Celiac disease diet: How do I get enough grains?
Medically reviewed on Oct 15, 2018
Because people with celiac disease must avoid gluten — a protein found in foods containing wheat, barley and rye — it can be challenging to get enough grains.
Grains are an important part of a healthy diet. A good source of healthy carbohydrates, various vitamins and minerals, and fiber, they're also naturally low in fat. When possible, choose foods made with enriched flours for added vitamins and minerals. Whole grains are even better for you. These include brown, black or wild rice, quinoa, amaranth, pure buckwheat, corn, cornmeal, popcorn, millet, gluten-free oats, sorghum and teff.
Many large grocery stores and specialty food stores carry ready-to-eat gluten-free grain products. The labels on such products will say "gluten-free." Consider the suggestions in the chart below for adding gluten-free grains to your diet.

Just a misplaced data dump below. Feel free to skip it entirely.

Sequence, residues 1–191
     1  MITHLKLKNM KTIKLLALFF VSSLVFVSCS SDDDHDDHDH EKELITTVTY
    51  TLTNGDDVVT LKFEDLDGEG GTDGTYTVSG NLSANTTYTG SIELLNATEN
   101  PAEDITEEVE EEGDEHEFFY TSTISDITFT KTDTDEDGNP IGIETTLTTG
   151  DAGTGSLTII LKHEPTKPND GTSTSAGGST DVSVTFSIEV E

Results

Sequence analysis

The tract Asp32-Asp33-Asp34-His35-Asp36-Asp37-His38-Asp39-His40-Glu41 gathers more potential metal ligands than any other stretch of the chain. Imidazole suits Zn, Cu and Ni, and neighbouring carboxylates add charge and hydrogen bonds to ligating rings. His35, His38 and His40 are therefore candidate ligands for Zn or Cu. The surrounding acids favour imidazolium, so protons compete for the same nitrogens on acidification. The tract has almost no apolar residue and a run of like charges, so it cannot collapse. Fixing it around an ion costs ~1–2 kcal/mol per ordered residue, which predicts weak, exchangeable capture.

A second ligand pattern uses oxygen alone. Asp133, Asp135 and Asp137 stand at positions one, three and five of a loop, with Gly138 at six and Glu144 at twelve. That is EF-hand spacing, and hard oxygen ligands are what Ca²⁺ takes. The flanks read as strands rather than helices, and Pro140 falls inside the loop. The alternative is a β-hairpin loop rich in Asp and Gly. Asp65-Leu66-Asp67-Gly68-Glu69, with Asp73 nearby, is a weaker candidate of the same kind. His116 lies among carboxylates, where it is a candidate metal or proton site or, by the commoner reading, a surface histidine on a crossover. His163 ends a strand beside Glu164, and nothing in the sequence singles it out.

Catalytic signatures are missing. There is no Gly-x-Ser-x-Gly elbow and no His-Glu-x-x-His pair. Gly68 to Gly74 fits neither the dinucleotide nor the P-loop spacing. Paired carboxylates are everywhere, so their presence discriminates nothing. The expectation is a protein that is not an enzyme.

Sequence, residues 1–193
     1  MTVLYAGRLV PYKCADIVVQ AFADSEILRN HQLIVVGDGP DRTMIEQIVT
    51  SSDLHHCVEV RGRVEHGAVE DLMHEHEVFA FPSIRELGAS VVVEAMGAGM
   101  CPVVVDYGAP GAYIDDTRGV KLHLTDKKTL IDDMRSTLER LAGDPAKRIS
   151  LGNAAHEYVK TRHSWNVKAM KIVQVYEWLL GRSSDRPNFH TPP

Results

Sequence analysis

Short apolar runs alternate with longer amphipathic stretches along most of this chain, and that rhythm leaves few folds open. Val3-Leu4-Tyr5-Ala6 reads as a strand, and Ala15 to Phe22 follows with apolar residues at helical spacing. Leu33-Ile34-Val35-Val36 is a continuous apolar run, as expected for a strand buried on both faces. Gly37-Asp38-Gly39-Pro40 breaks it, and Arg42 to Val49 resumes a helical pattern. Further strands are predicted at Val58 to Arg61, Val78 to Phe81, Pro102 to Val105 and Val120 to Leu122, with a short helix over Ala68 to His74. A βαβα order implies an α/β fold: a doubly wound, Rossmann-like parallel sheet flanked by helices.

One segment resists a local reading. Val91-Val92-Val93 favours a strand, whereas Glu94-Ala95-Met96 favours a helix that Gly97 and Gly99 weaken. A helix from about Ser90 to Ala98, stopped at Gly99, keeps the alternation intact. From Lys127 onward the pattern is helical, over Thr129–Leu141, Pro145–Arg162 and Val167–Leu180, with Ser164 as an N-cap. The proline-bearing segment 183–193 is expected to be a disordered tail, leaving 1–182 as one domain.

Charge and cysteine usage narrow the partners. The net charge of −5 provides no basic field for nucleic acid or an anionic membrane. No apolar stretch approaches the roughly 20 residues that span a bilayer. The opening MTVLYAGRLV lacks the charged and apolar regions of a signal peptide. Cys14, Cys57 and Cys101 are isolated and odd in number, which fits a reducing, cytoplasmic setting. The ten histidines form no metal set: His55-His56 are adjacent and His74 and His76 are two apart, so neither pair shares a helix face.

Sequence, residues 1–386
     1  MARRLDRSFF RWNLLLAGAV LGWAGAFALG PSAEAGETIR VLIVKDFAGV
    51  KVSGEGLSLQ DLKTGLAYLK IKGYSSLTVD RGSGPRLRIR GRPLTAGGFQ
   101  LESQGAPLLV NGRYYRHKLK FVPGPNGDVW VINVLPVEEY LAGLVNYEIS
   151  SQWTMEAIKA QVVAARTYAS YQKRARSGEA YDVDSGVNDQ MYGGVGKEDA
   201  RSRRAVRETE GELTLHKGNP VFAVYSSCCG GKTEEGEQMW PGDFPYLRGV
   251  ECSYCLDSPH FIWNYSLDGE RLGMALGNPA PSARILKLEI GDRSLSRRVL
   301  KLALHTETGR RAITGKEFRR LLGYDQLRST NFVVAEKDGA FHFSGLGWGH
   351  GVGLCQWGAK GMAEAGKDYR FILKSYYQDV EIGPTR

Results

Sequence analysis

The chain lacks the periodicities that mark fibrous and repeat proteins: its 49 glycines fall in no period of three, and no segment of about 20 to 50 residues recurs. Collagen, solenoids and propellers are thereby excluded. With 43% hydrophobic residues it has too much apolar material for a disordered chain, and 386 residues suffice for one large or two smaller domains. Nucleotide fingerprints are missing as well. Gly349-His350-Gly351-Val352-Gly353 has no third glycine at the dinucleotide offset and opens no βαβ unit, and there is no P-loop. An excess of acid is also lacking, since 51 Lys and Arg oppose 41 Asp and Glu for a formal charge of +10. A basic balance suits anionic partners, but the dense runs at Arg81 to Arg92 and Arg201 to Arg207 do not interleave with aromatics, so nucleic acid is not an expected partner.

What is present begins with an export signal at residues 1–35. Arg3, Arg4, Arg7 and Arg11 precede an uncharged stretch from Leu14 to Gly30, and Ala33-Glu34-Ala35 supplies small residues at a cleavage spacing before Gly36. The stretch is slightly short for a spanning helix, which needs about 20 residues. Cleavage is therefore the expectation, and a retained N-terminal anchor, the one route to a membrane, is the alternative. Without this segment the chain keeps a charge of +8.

|Gluten-free grains and grain products*||Serving size|
|*Products vary by manufacturer, so be sure that the brand you purchase is gluten-free|
||1 slice or piece|
||1/2 to 1 cup|
||1 oz. (check label)|
||1/2 to 1 cup|
Oats may not be harmful for most people with celiac disease. However, oat products are frequently contaminated with wheat. If your doctor or dietitian is okay with your trying oats, be sure to look for oats that are labeled gluten free.
Most gluten-free grain products aren't fortified with vitamins, so it's a good idea to take a vitamin supplement.
Grain products that are not gluten-free include any type of wheat (including farina, graham flour, semolina and durum), barley, rye, bulgur, Kamut, matzo meal, spelt, triticale, couscous, emmer and einkorn.